Import restrictions on cannabis-based products for medicinal use have been revised to ensure that people with conditions such as multiple sclerosis or serious forms of epilepsy do not have their treatment ‘delayed or interrupted’, the government has announced.
While the law was changed in 2018 to allow specialist doctors to prescribe cannabis-based products for certain conditions (DDN, November 2018, page 5), delays in people accessing the medicines have been widely reported. Most cannabis-based medicines are imported which means restrictions can cause significant delays, with export certificates in some countries taking up to two months to process.
The new rules mean that licensed wholesalers can now import much larger quantities of the products and hold supplies for future use. The government will also ‘continue to engage with medical associations and patients’ to build an evidence base, it says. Last year the National Institute for Health and Care Excellence (NICE) ruled that more research was needed into cannabis-based medicines before they could be widely prescribed (DDN, September 2019, page 5).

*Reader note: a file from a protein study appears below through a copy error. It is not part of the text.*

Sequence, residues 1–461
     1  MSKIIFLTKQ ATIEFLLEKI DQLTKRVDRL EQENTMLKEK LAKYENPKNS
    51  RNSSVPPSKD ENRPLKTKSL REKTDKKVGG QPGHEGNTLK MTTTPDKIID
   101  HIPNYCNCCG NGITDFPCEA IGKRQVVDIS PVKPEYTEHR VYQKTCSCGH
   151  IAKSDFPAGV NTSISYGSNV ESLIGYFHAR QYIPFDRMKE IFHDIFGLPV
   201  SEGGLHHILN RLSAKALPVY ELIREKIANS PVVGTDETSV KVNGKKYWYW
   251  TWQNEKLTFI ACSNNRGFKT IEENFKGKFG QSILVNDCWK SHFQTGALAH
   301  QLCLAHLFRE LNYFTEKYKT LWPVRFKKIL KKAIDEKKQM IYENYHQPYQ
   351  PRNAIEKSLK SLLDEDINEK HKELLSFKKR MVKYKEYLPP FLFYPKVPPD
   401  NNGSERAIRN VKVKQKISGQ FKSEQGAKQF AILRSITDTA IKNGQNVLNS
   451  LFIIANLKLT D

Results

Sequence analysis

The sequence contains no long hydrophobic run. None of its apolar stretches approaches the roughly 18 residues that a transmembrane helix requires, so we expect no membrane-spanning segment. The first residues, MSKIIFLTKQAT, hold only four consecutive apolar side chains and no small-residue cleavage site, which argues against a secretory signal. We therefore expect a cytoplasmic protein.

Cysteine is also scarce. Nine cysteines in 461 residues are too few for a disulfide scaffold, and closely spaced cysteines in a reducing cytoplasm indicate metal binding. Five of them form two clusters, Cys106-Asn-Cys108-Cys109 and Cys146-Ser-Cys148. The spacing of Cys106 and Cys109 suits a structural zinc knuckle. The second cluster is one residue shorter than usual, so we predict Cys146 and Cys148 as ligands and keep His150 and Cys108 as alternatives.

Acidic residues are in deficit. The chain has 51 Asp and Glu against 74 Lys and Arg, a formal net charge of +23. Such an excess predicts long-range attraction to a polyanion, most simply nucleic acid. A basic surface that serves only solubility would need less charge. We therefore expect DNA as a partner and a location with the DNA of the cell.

The changes were ‘tremendous step’ towards improving supply, said health secretary Matt Hancock. ‘But we still have a long way to go. We need more research into the quality and safety of these medicines, and to do all we can to cut down the costs and remove barriers so that, when appropriate, patients can access it, including on the NHS.’
Pharmacy lead at the Centre for Medicinal Cannabis industry body Dr Andy Yates stated that it was ‘crucial as we build the evidence required to realise the potential of cannabis-based medicinal products that there are no unnecessary impediments to accessing prescriptions. We are grateful that the government has listened to the valid concerns expressed by our members and responded with measures that will immediately improve access to these novel medicines and accelerate clinical understanding of their use.’